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Lecture 6

Lecture 6.pdf

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Department
Chemistry
Course
CHM120H5
Professor
Thottackad Radhakrishnan
Semester
Winter

Description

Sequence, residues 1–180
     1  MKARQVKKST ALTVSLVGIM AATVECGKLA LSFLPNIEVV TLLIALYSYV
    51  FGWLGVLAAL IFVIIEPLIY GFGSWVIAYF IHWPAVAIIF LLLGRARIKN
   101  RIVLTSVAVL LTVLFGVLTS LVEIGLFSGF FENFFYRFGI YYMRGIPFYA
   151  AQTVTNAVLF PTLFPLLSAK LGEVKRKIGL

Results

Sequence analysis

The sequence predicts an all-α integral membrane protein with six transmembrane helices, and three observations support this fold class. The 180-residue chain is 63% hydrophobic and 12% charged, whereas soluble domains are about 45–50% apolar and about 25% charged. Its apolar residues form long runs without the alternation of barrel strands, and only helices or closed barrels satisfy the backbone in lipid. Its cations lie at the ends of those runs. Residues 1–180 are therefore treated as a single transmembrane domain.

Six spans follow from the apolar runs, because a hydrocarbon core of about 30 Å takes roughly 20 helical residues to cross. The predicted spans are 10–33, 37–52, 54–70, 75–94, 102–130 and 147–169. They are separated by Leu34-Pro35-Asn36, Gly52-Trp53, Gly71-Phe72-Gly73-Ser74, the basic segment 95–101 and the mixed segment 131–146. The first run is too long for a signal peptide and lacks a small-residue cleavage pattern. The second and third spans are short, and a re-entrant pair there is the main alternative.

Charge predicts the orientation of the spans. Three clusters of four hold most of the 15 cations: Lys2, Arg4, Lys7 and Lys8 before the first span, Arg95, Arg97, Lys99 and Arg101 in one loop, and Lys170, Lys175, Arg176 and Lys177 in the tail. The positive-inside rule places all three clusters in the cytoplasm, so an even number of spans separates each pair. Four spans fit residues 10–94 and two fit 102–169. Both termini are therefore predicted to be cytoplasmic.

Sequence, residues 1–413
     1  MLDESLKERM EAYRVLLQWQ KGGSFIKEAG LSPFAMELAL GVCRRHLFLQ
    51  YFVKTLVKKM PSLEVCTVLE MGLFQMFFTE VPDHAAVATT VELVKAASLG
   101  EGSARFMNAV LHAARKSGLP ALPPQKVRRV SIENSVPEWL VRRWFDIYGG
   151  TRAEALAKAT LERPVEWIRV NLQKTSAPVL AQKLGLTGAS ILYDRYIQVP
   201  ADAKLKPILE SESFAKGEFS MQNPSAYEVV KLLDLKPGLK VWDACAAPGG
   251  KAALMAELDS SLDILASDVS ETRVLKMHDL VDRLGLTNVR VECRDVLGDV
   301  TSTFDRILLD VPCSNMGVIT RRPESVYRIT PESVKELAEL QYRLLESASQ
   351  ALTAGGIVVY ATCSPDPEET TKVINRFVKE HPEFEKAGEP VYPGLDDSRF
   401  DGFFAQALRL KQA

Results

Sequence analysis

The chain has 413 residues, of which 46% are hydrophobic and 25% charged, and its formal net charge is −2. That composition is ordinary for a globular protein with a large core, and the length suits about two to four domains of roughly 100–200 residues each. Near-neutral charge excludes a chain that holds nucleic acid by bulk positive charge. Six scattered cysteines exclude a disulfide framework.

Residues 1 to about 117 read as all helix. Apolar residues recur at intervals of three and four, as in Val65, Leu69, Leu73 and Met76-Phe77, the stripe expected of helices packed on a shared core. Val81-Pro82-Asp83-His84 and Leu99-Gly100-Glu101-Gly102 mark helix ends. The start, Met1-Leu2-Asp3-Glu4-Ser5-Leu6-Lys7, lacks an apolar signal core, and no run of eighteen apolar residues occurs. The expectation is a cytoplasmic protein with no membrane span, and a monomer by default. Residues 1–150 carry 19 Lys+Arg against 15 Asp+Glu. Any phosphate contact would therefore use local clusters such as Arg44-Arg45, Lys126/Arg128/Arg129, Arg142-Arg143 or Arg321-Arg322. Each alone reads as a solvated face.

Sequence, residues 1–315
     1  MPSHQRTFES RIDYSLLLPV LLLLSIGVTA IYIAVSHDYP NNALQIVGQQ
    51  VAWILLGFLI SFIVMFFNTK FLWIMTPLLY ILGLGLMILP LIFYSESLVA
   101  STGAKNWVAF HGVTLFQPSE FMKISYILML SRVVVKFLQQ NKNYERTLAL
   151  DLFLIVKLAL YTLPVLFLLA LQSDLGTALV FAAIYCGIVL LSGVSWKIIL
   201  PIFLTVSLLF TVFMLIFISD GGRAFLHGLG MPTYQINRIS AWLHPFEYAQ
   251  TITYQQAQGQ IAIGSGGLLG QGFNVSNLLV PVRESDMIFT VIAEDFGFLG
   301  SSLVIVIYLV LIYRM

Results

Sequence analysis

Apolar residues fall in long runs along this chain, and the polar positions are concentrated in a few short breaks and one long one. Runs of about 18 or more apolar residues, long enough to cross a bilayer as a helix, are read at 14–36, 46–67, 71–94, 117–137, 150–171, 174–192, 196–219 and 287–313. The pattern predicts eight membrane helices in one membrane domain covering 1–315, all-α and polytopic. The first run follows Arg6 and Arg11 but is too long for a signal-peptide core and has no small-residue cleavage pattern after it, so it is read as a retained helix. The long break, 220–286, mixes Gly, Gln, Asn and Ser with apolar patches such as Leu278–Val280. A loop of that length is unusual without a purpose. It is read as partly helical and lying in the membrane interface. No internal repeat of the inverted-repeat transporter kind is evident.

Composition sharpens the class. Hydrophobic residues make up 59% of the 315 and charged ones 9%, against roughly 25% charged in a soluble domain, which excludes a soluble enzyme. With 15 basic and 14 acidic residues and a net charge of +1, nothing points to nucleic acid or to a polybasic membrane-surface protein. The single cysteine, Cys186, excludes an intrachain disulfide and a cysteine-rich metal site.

Lecture 6 Friday, 17 January, 2014 11:03 AM Today's Topics: Announcements: Homework: •  DV2035 - go to office hours Lecture Topic: Wave Equation Derivation- know it H, the Hamiltonian can be given as • • Where is called the wave function ○ It is a function of the coordinates x, y, z of the electron's position in three dimensional space • H represents a set of mathematicalinstructions called an operator ○ In this case H, the Hamiltonian operatoracts on function to give back multiplied by a constant called E which represents the total energy of the atom PE + KE ○ If • Transformationfrom Cartesian coordinatesto polar coordinates Orbitals in the wave equation: • ○ Where • An orbital is just a three-dimensional plot of a mathematicalequation: ○ Schroëdinger Equation: 2 2 • Interpretation of Ψ, Ψ , and ∫Ψ dV ○ Ψ - wave function/equation, atomic orbital ○ Ψ - a measure of the intensity of electrondensity distribution 2 ○ ∫Ψ - probability of finding the electron within a certain volumeelement, dV • Boundary conditions on Ψ ○ Must be finite ○ Must be single valued ○ Must be continuous ○ (normalization) ○ Total probability of finding the electron is 1 Principle Quantum Number, n • Recall: Ψ givs probability of finding an electron in a given location • 90% of the electron density is found in the 1s orbital ○ Center of the orbital will have higher probability because it is a smaller volumewith many electrons due to the attractionbetween the electrons and the protons in the nucleus • "n" determines the size of this 90% boundary • Bohr theory says electron is found in the first orbit (and only in that specific orbit) • B
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